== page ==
G. Harish, C. Venkateshappa, A. Mahadevan, N. Pruthi, M. M. S. Bharath and S. K. Shankar (2013) Neuropathology and Applied Neurobiology39, 298–315
Mitochondrial function in human brains is affected by pre- and post mortem factors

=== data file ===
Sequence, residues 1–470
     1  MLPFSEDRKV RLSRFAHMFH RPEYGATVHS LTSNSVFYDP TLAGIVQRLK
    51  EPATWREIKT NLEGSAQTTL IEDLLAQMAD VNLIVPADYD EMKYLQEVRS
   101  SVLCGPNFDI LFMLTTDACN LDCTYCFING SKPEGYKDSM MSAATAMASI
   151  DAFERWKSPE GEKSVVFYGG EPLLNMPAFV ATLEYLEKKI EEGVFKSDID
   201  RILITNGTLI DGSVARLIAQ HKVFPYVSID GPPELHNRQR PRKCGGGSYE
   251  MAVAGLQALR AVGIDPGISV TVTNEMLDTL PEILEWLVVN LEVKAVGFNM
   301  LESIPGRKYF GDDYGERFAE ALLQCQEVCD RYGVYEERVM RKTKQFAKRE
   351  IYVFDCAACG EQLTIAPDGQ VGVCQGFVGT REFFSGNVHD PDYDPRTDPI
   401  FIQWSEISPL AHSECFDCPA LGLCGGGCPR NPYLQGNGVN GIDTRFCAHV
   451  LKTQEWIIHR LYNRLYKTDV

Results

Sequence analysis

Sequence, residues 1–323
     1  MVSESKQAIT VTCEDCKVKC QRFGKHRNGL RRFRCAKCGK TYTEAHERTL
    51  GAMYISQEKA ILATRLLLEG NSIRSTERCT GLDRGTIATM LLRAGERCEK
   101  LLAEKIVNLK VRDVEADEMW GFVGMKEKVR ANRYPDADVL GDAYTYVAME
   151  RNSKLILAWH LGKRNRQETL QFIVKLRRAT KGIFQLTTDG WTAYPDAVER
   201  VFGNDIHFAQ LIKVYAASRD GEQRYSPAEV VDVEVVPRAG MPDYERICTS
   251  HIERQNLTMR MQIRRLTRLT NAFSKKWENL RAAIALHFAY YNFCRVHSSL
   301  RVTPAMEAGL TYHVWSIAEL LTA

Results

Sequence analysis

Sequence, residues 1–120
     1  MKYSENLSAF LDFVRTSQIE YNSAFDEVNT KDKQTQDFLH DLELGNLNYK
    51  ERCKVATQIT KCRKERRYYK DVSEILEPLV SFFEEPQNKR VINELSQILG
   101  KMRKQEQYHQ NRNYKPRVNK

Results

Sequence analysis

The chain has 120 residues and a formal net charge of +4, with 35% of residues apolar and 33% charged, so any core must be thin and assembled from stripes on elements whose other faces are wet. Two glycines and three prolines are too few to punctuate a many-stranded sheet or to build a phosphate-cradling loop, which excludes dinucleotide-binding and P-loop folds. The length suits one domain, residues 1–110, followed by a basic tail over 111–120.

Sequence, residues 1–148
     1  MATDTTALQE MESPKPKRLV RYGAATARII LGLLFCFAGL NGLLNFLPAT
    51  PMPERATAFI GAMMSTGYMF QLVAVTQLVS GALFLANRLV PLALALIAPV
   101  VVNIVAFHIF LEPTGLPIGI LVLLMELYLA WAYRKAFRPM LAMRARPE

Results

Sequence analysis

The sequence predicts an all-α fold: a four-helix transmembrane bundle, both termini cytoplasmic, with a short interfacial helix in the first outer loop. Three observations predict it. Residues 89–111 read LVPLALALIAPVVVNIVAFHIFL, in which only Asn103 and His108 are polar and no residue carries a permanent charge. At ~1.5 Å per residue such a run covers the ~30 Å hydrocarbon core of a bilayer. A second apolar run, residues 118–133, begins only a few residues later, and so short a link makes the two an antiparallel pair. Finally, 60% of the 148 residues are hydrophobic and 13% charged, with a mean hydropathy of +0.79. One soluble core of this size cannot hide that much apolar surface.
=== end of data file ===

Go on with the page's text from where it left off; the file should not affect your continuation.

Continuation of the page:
Aim: Mitochondrial function and the ensuing ATP synthesis are central to the functioning of the brain and contribute to neuronal physiology. Most studies on neurodegenerative diseases have highlighted that mitochondrial dysfunction is an important event contributing to pathology. However, studies on the human brain mitochondria in various neurodegenerative disorders heavily rely on post mortem samples. As post mortem tissues are influenced by pre- and post mortem factors, we investigated the effect of these variables on mitochondrial function. Methods: We examined whether the mitochondrial function (represented by mitochondrial enzymes and antioxidant activities) in post mortem human brains (n = 45) was affected by increased storage time (11.8–104.1 months), age of the donor (2 days to 80 years), post mortem interval (2.5–26 h), gender difference and agonal state [based on Glasgow Coma Scale: range = 3–15] in the frontal cortex, as a prototype. Results: We observed that the activities of citrate synthase, succinate dehydrogenase and mitochondrial reductase (MTT) were significantly affected only by gender difference (citrate synthase: P = 0.005; succinate dehydrogenase: P = 0.01; mitochondrial reductase: P = 0.006), being higher in females, but not by any other factor. Mitochondrial complex I activity was significantly inhibited by increasing age (r = −0.40; P = 0.05). On the other hand, the mitochondrial antioxidant enzyme glutathione reductase decreased with severe agonal state (P = 0.003), while the activity of glutathione-S-transferase declined with increased storage time (P = 0.005) and severe agonal state (P = 0.02). Conclusion: Our data highlight the influence of pre- and post mortem factors on preservation of mitochondrial function with implications for studies on brain pathology employing stored human samples.